| USA TODAY Sports
PYEONGCHANG, South Korea – The final trick safely landed, the gold medal almost assuredly around his neck, Shaun White came off the halfpipe at Phoenix Snow Park and raised his arms, screaming with the kind of emotion you’ve rarely seen during his lifetime as a superstar athlete and cultural icon.
What White did here Wednesday went further than those familiar labels; beyond his talent, his presence and his resume, none of which were ever in question. What he did, nailing his awe-inspiring final run to win this event for the third time in four Olympics, didn’t merely re-affirm his standing as the greatest snowboarder who’s ever lived. Instead, it put him in the conversation as the author of America’s most clutch Winter Games performance of all-time.
“I think personally,” his coach, JJ Thomas said, “it’s the best halfpipe run I’ve ever seen in the history of the sport.”
But even that’s not big enough for what we witnessed White pull off in the finals. After two runs, his margin for error was gone. And with Japan’s Ayumu Hirano having already posted a score of 95.25 out of 100 on his second run after landing back-to-back 1440s – four full rotations in the air – the bar White had to reach was so high.
Not only did the moment demand near perfect execution, but in having to match those consecutive 1440s, White would have to pull off something he’d never done before – not in competition, not even in practice.
“I didn’t want to wait around and watch the competition, so we kept spinning laps around the mountain, taking trips on the chair lift, anything to distract from this imminent pressure cooker situation,” White said.
It is perhaps the most remarkable aspect of this sport, which has essentially grown up around, and thanks to, the now 31-year old White. As young as it is, there are still barriers to break and thresholds that progressively get crossed. As successful as White has been, nobody had done consecutive 1440s until Hirano did it at the Winter X Games last month. And now here was White, as he stood at the top of the halfpipe, knowing that for all he’s accomplished he would still have to pull off something greater than he’s ever accomplished before.
“Frankly, it’s dangerous,” said Thomas, who won the bronze medal at the second-ever Olympic halfpipe competition in 2002. “The moves are so dangerous now, it’s not like you can practice them every day like you used to. These moves are different. The consequences are so high. We had to wait until it was game time.”
When White tried the consecutive 1440s on his second run, he landed them, but not as cleanly as Hirano before stumbling as he tried to complete his double McTwist 1260. He knew, in that moment, that he had it in him to do it again – and to finish the run next time. But this wasn’t any other competition. This was the Olympics, and even as a two-time champion, every bit of that pressure and history seemed to be staring back at him.
“It’s different for Shaun,” Thomas said. “His Olympic experience, I’ve learned, is so much different from what mine was just because of who he is and what he’s accomplished. He’s a boss to make this happen, but he is stressed. He has the weight of the world on his shoulders up there.”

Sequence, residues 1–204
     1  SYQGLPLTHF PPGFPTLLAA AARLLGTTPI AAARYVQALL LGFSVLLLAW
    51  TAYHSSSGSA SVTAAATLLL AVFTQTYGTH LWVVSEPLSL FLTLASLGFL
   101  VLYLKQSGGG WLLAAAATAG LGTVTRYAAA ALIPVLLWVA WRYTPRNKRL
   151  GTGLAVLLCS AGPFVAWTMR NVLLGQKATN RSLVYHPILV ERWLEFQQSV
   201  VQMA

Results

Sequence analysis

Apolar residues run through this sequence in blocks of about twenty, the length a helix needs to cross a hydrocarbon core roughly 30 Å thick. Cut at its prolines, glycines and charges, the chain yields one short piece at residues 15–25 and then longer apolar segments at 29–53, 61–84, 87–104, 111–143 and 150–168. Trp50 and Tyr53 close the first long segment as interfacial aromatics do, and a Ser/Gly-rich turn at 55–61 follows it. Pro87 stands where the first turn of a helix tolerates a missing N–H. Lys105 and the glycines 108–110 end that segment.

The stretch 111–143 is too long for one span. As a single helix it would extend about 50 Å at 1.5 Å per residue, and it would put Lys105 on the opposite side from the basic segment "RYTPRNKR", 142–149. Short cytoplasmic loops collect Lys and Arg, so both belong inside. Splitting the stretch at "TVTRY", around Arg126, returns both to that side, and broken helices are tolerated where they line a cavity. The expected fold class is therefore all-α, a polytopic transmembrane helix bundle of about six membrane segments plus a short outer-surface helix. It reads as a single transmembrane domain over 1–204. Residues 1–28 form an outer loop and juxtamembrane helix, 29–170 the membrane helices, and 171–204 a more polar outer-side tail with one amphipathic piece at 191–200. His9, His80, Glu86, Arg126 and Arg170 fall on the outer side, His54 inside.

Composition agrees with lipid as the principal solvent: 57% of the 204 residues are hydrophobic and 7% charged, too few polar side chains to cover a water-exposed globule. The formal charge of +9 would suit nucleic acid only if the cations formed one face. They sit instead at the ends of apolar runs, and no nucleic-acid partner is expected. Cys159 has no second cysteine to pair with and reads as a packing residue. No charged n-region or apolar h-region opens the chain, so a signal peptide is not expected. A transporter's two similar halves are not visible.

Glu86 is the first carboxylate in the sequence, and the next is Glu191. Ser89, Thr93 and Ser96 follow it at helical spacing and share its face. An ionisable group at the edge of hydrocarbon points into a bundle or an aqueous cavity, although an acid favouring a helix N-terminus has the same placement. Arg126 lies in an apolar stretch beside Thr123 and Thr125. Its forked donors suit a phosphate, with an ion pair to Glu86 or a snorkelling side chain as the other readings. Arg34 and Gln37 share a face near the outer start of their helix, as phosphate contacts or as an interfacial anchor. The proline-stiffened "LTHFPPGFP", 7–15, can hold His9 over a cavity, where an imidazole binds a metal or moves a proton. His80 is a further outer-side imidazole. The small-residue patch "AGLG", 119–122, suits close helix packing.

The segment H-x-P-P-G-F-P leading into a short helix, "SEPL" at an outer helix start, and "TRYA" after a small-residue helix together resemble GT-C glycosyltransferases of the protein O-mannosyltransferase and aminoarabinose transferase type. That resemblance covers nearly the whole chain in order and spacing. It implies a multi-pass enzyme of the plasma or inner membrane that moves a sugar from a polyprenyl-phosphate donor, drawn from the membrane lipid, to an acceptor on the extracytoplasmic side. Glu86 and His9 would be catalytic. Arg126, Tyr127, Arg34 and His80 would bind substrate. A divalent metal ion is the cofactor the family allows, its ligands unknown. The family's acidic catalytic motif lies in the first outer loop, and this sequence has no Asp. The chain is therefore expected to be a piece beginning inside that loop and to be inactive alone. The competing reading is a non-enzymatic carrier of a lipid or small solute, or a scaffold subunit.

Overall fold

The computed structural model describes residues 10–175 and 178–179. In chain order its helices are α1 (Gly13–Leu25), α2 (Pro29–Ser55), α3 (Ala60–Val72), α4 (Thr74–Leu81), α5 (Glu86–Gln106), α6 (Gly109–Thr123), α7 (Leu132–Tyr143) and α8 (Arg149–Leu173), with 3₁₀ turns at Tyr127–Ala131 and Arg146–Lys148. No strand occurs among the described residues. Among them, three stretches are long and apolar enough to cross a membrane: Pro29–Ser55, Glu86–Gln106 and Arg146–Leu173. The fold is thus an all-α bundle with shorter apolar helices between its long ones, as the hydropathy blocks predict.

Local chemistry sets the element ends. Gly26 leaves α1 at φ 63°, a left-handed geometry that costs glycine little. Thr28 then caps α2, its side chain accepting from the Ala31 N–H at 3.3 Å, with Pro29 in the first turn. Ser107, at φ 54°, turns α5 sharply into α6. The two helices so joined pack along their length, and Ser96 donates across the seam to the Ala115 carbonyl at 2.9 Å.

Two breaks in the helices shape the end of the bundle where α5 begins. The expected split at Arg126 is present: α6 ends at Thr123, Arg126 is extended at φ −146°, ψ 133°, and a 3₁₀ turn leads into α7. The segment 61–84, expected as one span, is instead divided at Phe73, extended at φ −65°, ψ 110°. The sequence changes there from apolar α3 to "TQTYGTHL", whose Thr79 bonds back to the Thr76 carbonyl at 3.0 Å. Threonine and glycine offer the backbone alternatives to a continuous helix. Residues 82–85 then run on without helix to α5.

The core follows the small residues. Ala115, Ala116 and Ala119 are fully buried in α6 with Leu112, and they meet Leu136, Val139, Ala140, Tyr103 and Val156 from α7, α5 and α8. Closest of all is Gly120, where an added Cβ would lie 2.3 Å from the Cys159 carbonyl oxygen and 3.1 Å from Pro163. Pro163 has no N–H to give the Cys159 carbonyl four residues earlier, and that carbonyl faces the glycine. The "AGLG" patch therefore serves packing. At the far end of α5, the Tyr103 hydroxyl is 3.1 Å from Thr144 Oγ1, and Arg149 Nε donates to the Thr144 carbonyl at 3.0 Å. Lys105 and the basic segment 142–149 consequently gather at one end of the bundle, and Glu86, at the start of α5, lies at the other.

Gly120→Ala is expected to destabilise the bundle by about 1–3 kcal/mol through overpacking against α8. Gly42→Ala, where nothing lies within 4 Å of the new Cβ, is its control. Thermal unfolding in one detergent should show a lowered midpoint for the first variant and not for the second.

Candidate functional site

As the crowd roared from the bottom of the hill, White began to pump his fists. It was, in many ways, the same nervous sensation he felt four years ago in Sochi when he needed one great run to beat Iouri Podladtchikov but, for whatever reason, couldn’t make it happen and finished fourth.
But this time, as he readied himself to drop in, he let it all go and nailed those 1440s with two 1260s on top of it. Moments later, he found himself at the bottom celebrating a score of 97.75 that, when it was posted, caused him to flip his snowboard, drop to his knees and immediately have to wipe away tears.
“I looked down at the pipe and kind of said to myself, you know you’ve got this,” he said. “It’s what you’ve done your whole life and career, and savor this moment because you might just win the Olympics.
“(In Sochi), I was defeated in my mind before I dropped in, and I’m so thankful I got to stand there again and know who I am and know what I can do and do that run to win it. It’s rare to get these opportunities to redeem yourself in life and in your career, and I took advantage of that.”
It’s difficult to put White’s final run in the context of greatest American Olympic moments without succumbing a little bit to recency bias, and perhaps it’s unfair to compare him with any other athlete or sport. But in that moment, given what he needed to do – and how he actually pulled it off – you simply won’t find very many performers who have risen to the occasion as inspirationally.
“He’s a psycho,” said American Ben Ferguson, who finished fourth. “He is really, really, really good, and he can turn it on when he has to. And he lands it when it means something.”
Or when it means everything.
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